TIFF Movie Review – Argo (2012)

Argo, 2012.

Directed by Ben Affleck.

Starring Ben Affleck, Bryan Cranston, Taylor Schilling, John Goodman, Kyle Chandler, Alan Arkin, Zeljko Ivanek, Clea DuVall, Tate Donovan and Victor Garber.


The CIA orchestrates a Hollywood rouse in order to rescue Americans sheltered by the Canadian embassy during the Iranian revolution.

When the Americans assist in bringing a brutal dictatorship to power in Iran, the resentment becomes a groundswell in 1979 which sees the U.S. embassy being overrun by Iranians and the workers held captive but not all of them; six were able to escape and find refuge in the Canadian embassy. As the hostage situation drags on it soon becomes clear that borrowed time that the escapees are living on is soon coming to a close. The trouble is to devise a believable extraction plan.

The solution to the problem falls into the life is stranger than fiction category. A CIA operative (Ben Affleck) sells the idea of creating a fake Canadian film production which is scouting Iran for possible locations for a science fiction picture; he would play the producer while rest of his production crew will be filled by the six Americans needing to be rescued. Needless to say this is where the satire of Wag the Dog (1997) encounters its real life counterpart and much needed humour in the form of John Goodman and Alan Arkin who provide the Hollywood support for the project.

An effort is made in the beginning to combine comic book illustrations and documentary footage to put the event in the proper historical and political context. When the embassy is overtaken by the protesting Iranians is full of suspense and drama with skillful use of archival and live-action footage. A game of cat of mouse unfolds as the story crosscuts between the would-be captives and captors. Never one to be a big fan of the acting abilities of Ben Affleck, I have a strange idea that his grizzled beard appearance made him more palatable this time around. Bryan Cranston does a good job of playing the superior of Affleck who is more supportive than combative.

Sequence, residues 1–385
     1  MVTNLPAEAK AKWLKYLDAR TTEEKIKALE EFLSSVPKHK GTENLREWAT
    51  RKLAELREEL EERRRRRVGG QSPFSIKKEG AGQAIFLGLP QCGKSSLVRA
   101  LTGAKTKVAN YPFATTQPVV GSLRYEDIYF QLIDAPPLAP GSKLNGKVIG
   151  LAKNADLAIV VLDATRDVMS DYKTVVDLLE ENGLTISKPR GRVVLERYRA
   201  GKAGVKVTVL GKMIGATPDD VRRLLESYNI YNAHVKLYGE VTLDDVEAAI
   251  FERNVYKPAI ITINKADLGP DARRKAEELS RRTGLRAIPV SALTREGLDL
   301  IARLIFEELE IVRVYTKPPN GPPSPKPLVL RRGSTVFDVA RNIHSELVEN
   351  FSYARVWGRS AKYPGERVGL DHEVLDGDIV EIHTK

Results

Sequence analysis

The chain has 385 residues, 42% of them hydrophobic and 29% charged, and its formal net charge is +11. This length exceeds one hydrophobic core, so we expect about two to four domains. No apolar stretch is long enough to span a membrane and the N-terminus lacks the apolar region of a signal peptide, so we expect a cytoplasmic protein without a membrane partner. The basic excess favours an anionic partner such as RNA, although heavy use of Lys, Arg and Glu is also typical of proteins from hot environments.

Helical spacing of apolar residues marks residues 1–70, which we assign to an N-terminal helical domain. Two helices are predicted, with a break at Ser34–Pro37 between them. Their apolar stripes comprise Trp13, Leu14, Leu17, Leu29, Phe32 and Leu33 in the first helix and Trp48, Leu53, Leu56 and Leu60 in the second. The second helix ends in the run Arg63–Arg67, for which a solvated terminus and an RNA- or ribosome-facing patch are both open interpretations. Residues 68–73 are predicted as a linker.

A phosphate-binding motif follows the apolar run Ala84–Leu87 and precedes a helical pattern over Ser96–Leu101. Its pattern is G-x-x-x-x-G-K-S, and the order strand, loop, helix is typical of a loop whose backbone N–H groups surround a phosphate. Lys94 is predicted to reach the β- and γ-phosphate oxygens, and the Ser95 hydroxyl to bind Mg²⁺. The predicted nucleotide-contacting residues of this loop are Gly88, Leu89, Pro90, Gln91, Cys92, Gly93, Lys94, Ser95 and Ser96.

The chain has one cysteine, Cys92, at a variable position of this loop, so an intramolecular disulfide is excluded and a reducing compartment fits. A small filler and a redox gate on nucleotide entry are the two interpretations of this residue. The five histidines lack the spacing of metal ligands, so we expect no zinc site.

As for the role of Canada it is downplayed and the Stars and Stripes appear fluttering in the background when Ben Affleck is reunited with his estranged wife. It is hard not to imagine patriotism seeping into a movie like this considering the subject matter. There are some formulaic Hollywood elements in play but they are well executed. Affleck is definitely growing in confidence behind the camera and it shows on the big screen. Expect Argo to receive a Best Picture nomination at the Academy Awards in 2013.

Flickering Myth Rating: Film ★ ★ ★ ★ / Movie ★ ★ ★ ★

Trevor Hogg

Around the Web